by Edward A. Dreyfus, Ph.D.

Tom and Barbara were at each other’s throats. They stormed into the office shouting at each other. They wanted out of their eight year marriage. Once I was able to get a word in, the tears began to flow from both of them. Their marriage was over and the pain of that realization was unbearable. The "D-word" struck at their core. As long as they fought they did not have to face the reality that their one-time fairy tale marriage was coming to an end.

The "D-Word" strikes at the heart of all married couples. Prenuptial agreement - agreements made even before marriage - all have provisions for what happens in the event of a divorce. Recent statistics suggest that 50% of all marriages in the United States will end in divorce. In Southern California the divorce rate is purported to be even higher, somewhere in the neighborhood of 60-75%, depending on which study one reads. In this article I will be exploring some of the reasons that people divorce, some of the consequences of divorce, ways to prevent divorce, and, when all else fails, approaches to divorce that can be less stressful to all of the parties involved.

Changing Expectations

The institution of marriage has changed dramatically over the past 100 years. Many factors played a part in this evolution. In the 1890s marriage was often a matter of convenience. Roles for men and women were clearly defined; each knew what was expected of them. Men were expected to work, with their primary responsibility being the family provider. Women were to take care of the home and bear children for whom they would then be the caretaker. Marriages were for the purpose of raising a family - breeding children who would grow up to help with the chores, work the fields, or take over the family business.

With the industrial revolution, the second world war, and finally the technological revolution, much of this changed. Each of these revolutions provided greater leisure time, greater freedom from chores, and a reduction in the need for progeny to be junior workers - in the field or in the home. Thus families had fewer children. W.W.II created a need for women to enter the work force. And when the war was over, they did not want to return to the home. Two-income families became the norm. Today women work for the same reasons men work, not just to provide a second income. They have their own careers, interests, and activities equal to men.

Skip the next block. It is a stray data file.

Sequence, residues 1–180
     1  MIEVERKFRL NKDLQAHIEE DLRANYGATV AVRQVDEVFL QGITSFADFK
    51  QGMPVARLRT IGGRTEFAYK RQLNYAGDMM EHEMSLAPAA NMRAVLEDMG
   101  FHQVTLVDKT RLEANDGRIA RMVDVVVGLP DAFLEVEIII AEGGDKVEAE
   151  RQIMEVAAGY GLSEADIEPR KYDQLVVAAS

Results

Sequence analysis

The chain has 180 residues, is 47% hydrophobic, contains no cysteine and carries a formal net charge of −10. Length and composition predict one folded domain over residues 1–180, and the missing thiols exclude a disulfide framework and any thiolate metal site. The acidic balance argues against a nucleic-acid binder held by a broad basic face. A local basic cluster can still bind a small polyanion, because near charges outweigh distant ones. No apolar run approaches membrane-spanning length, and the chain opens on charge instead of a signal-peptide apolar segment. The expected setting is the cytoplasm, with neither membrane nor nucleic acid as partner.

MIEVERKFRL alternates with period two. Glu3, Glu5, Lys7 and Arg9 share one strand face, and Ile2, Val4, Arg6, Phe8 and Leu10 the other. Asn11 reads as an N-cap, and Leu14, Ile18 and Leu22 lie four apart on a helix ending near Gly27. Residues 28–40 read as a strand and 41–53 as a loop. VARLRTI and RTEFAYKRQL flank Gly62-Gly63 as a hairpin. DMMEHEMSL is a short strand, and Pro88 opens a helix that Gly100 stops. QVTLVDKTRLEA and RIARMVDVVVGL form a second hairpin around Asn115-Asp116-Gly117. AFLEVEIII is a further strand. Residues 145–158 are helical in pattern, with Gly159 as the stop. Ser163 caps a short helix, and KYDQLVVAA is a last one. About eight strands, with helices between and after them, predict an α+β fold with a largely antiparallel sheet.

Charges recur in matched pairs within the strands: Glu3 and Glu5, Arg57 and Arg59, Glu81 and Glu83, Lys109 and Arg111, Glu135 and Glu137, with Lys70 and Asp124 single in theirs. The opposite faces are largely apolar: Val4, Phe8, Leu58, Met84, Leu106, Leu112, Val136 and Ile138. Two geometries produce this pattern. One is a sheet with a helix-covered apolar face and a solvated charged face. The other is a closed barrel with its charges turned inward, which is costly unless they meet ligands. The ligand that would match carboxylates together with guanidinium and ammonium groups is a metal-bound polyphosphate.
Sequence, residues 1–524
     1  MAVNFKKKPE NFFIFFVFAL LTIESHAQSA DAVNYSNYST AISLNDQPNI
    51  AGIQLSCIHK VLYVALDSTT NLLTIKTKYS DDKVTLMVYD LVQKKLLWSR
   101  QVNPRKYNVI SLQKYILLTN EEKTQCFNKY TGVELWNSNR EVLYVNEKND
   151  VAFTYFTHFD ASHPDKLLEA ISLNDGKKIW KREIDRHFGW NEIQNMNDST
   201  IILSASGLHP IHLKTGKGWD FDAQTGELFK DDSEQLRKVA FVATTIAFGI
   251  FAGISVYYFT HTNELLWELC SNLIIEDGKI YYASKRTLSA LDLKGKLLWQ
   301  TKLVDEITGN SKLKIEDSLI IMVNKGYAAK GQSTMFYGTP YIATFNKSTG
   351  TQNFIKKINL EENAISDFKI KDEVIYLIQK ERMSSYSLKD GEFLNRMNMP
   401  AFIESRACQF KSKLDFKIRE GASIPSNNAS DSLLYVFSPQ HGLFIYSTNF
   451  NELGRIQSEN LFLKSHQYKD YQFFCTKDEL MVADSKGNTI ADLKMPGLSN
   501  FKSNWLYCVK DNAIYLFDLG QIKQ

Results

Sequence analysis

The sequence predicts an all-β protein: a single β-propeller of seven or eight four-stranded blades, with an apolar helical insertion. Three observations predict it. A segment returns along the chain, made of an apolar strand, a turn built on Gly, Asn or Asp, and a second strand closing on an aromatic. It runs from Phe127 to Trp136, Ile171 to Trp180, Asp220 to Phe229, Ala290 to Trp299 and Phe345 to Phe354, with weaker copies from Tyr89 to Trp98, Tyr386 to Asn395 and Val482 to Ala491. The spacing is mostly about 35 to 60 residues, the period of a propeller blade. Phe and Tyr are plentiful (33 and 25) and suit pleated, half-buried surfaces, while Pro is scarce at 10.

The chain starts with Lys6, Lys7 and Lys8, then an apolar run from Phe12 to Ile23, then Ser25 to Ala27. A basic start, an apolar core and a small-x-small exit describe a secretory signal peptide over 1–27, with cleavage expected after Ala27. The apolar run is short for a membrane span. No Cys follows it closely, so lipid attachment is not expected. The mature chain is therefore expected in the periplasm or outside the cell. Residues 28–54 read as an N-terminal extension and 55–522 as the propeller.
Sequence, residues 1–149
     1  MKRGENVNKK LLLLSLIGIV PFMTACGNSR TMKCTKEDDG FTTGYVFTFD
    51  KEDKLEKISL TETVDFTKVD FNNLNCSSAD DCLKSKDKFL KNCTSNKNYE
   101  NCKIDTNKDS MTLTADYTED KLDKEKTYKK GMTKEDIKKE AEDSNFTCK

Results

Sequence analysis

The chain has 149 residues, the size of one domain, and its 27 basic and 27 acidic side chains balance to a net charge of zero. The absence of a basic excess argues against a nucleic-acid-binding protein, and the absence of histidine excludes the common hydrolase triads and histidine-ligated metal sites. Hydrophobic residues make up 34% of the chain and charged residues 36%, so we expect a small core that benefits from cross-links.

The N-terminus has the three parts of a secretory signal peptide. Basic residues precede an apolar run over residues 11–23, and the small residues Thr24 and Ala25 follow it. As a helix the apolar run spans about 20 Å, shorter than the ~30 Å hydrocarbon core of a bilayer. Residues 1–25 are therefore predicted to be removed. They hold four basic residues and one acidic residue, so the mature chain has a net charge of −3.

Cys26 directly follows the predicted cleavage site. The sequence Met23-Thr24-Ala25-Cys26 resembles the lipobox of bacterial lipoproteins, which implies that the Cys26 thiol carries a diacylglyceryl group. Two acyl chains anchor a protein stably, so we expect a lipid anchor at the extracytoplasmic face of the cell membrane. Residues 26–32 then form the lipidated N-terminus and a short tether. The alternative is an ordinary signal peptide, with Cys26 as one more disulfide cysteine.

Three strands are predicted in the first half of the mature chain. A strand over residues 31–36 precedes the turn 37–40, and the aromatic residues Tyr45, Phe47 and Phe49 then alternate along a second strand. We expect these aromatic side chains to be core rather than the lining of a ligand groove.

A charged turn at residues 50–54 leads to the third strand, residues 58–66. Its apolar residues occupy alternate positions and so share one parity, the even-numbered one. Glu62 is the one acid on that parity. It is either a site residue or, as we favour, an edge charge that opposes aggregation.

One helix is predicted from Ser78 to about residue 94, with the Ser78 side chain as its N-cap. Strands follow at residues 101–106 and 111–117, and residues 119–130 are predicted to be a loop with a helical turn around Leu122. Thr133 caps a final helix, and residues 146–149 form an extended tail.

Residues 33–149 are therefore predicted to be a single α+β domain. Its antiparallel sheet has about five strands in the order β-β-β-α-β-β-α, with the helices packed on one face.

The family changed from "Dad wears the pants in the family" to Mom and Dad are partners in the business of family. The expectations men and women have of one another, and subsequently of marriage, have changed. Couples expect more of one another and from their marriage. With increased information, leisure time, mobility, and affluence people have more time to learn about themselves and to experience various life styles. They have more contact with how other people live. They also have increased opportunity to learn about themselves. In less affluent times, when roles were clearly defined along gender lines, a person's self-concept remained static. Today, however, after being continuously bombarded with information and the possibility of change, the concept of self has become more dynamic.

When two people are married and over a period of years at least one person, if not both, undergoes a significant change in self-concept, the marriage will also change. The selves that married are no longer the same. If interests, goals, values change along with a changing self, you have a different dynamic set up between the two people. In some cases this dynamic is such that the marriage no longer seems viable. When we combine this change with the awareness that we will be living longer, it appears more probable that people will seek a second or third partner with whom they feel more compatible.

It is no longer sufficient for a man simply to be a terrific provider and for a woman to be an outstanding homemaker. People expect more. Men and women want intimacy, romance, affection, understanding, commonality of interests, conversation, common values, and exciting sex, to mention a few of the more common requirements. They want an equal partnership with one another, where both parties participate equally in all of the decisions pertaining to the home and to child-rearing, regardless of who is earning more money.

Increased longevity, increased affluence, and increased opportunity for personal growth, when combined with significantly changing expectations regarding marriage, suggest that people must learn new or different ways of relating to one another if their marriage is going to survive. When this is not possible, either for lack of desire, capacity, or interest on the part of one or both parties, divorce becomes an option.



Dr. Edward A. Dreyfus is a Clinical Psychologist, Marriage, Family, Child Therapist, and Sex Therapist. Dr. Dreyfus has been providing psychological services in the Los Angeles-Santa Monica area for over 30 years. He offers individual psychotherapy to adolescents and adults, divorce mediation, couples counseling, group therapy, and career and vocational counseling and assessment.His book, Someone Right For You, is available in the Amazing Bookstore Catalog.

Dr. Dreyfus can be reached at: (310) 208-5700.


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